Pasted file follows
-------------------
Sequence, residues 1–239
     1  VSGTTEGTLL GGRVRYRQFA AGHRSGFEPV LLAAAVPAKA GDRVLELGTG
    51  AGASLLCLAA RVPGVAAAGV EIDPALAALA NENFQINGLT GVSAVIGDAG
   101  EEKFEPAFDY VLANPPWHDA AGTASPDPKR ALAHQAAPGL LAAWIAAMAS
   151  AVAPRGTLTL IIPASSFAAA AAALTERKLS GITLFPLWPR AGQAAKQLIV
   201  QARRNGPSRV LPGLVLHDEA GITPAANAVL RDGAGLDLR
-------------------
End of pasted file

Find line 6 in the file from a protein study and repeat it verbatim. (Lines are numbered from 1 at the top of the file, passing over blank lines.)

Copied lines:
   201  QARRNGPSRV LPGLVLHDEA GITPAANAVL RDGAGLDLR